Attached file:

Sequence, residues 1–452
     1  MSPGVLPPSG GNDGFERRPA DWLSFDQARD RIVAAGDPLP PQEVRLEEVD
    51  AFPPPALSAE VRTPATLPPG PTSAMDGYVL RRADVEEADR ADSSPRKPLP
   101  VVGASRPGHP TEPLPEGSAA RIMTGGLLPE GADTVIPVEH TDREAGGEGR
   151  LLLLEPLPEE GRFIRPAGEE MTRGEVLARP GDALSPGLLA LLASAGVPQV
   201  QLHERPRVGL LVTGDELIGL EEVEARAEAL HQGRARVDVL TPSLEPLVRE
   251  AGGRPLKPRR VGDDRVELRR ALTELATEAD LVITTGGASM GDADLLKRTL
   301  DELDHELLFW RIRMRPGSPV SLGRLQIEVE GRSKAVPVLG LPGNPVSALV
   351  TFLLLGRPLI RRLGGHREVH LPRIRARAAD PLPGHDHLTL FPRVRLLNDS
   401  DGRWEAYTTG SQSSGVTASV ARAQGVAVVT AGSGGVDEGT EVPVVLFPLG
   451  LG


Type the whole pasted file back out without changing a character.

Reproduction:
Sequence, residues 1–452
     1  MSPGVLPPSG GNDGFERRPA DWLSFDQARD RIVAAGDPLP PQEVRLEEVD
    51  AFPPPALSAE VRTPATLPPG PTSAMDGYVL RRADVEEADR ADSSPRKPLP
   101  VVGASRPGHP TEPLPEGSAA RIMTGGLLPE GADTVIPVEH TDREAGGEGR
   151  LLLLEPLPEE GRFIRPAGEE MTRGEVLARP GDALSPGLLA LLASAGVPQV
   201  QLHERPRVGL LVTGDELIGL EEVEARAEAL HQGRARVDVL TPSLEPLVRE
   251  AGGRPLKPRR VGDDRVELRR ALTELATEAD LVITTGGASM GDADLLKRTL
   301  DELDHELLFW RIRMRPGSPV SLGRLQIEVE GRSKAVPVLG LPGNPVSALV
   351  TFLLLGRPLI RRLGGHREVH LPRIRARAAD PLPGHDHLTL FPRVRLLNDS
   401  DGRWEAYTTG SQSSGVTASV ARAQGVAVVT AGSGGVDEGT EVPVVLFPLG
   451  LG